Justia Energy, Oil & Gas Law Opinion Summaries

Articles Posted in Family Law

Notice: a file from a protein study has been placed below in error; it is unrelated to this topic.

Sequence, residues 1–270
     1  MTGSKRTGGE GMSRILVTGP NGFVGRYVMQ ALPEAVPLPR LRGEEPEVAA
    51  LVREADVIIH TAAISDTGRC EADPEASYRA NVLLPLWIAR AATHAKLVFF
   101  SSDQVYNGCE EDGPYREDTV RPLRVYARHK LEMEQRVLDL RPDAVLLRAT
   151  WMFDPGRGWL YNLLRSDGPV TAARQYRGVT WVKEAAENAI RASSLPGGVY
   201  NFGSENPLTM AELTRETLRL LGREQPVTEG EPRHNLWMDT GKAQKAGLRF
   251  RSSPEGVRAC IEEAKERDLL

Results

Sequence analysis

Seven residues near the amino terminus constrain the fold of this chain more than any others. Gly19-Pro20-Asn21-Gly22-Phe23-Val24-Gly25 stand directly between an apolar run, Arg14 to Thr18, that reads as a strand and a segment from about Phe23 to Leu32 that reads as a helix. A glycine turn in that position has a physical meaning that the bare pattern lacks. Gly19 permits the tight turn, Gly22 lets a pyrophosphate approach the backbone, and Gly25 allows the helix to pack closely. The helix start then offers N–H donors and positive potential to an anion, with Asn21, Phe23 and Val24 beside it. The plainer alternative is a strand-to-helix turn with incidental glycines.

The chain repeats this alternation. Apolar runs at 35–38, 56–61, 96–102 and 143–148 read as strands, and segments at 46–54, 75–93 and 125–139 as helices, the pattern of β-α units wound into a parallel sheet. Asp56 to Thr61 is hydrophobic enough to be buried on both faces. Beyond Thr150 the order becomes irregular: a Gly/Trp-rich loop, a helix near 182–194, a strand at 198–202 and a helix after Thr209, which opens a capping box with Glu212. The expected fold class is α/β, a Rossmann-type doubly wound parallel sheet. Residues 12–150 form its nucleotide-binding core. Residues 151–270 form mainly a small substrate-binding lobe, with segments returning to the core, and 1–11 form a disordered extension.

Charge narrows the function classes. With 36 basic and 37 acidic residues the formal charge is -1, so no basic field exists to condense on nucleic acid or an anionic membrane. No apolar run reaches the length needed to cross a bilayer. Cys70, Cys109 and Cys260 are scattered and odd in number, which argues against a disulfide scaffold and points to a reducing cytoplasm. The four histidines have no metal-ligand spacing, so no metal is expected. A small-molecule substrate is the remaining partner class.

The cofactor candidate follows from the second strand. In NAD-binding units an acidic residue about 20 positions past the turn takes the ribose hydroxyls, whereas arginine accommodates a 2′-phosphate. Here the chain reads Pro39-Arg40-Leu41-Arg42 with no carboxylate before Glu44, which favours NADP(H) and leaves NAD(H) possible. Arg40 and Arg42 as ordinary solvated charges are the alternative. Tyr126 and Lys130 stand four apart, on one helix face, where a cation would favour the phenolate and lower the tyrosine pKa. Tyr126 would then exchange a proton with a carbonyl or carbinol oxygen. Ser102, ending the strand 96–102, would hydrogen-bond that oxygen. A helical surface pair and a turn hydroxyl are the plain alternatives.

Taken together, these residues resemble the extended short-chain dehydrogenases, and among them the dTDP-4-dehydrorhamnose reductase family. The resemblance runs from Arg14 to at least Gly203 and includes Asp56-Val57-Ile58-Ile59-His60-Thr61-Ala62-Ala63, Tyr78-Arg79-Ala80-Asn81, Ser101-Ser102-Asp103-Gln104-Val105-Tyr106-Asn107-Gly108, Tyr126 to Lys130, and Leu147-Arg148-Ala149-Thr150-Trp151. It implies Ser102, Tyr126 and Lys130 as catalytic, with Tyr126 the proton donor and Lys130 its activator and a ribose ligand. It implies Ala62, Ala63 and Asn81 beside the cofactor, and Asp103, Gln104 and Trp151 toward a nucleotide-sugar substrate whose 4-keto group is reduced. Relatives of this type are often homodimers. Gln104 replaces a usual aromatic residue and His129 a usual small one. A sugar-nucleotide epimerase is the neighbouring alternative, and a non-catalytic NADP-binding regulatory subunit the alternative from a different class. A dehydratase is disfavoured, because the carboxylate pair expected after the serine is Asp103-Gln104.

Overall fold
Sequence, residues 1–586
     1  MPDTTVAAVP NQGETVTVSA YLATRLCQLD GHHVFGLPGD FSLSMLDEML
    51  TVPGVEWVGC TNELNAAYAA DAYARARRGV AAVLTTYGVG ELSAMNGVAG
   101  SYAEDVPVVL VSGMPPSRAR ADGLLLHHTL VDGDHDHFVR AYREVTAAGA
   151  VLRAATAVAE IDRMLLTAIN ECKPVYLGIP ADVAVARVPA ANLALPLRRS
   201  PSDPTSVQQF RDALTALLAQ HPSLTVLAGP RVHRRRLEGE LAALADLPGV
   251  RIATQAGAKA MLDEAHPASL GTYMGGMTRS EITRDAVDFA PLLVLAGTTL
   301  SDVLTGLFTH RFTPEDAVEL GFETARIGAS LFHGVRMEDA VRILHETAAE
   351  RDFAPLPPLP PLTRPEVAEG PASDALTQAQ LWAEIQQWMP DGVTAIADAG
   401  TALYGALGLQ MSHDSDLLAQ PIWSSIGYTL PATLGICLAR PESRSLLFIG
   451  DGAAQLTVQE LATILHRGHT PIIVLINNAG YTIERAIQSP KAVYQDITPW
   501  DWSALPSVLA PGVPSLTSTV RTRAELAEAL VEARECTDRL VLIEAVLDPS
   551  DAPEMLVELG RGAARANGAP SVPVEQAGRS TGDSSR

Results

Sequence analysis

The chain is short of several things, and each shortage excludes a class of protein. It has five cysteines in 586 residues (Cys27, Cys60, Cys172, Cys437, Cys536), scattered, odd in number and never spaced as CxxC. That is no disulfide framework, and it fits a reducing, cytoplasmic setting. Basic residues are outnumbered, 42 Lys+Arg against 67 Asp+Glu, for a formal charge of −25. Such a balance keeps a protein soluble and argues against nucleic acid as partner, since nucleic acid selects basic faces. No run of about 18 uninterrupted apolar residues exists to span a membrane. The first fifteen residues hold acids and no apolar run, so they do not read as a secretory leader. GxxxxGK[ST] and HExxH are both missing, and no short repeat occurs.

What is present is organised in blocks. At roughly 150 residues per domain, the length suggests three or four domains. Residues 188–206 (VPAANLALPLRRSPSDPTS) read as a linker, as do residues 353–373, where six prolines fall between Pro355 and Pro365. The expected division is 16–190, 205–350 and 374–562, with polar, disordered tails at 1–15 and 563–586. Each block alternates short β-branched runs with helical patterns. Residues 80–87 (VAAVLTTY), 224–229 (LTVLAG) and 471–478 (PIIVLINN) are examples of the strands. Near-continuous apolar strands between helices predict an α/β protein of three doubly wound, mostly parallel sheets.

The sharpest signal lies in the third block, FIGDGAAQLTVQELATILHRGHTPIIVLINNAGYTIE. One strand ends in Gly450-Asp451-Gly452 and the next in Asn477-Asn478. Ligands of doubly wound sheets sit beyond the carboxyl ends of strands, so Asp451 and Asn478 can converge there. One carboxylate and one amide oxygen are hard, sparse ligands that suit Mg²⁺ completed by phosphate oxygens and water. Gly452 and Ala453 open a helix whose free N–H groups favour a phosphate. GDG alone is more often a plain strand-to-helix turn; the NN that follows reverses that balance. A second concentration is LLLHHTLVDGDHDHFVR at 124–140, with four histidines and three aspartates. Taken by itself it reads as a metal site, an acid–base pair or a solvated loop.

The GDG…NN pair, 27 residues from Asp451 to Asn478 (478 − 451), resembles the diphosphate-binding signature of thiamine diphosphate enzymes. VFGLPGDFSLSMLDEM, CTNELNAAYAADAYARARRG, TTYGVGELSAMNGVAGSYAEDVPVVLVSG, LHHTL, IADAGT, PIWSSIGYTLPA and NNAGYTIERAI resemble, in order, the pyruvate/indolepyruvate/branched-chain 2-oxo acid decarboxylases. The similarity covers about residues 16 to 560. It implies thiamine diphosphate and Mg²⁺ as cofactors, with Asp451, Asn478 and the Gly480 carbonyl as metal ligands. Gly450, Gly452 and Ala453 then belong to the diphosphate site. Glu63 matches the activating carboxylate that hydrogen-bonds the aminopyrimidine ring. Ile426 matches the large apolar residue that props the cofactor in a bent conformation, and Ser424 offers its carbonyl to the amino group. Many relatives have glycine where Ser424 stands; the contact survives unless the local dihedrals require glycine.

Nicole Fitzpatrick obtained a dissolution of her marriage to Jeremy Fitzpatrick. The couple had minor children and significant marital assets, including real property, bank accounts, investments, and personal possessions. Among these were investments in oil and gas assets. The issue this case presented for the Oklahoma Supreme Court’s review centered on the Court of Civil Appeals decision regarding the division of the oil and gas assets. During the course of the marriage, Husband pursued a mutual goal of investments in oil and gas assets through two different ventures. He inextricably tied the Bakken and Energy deals and encumbered marital assets. The trial court found that all the A and B units of both the Bakken and Energy properties were acquired during the marriage through joint efforts of both parties, and were marital property subject to division. Because part of the properties' value lay in their future growth, the trial court considered the most equitable form of property division. The court ordered that future distributions and proceeds flowing from both sets of A and B units were to be held in constructive trust for both parties' benefit, and for Husband to distribute her equal marital share to Wife. COCA reversed the trial court's decisions regarding the Energy A and B units, finding that the trial court should have determined the units' value and set a valuation date. COCA also found that the trial court's use of a constructive trust for the Energy units was not proper. However, COCA did not disturb the trial court's use of a constructive trust with regard to the Bakken units. The Supreme Court affirmed the trial court’s authority to distribute the assets although they could not be valued at the time of the divorce decree; the Court concurred with the trial court’s imposition of a constructive trust to ensure protection of the assets’ future value. View "Fitzpatrick v. Fitzpatrick" on Justia Law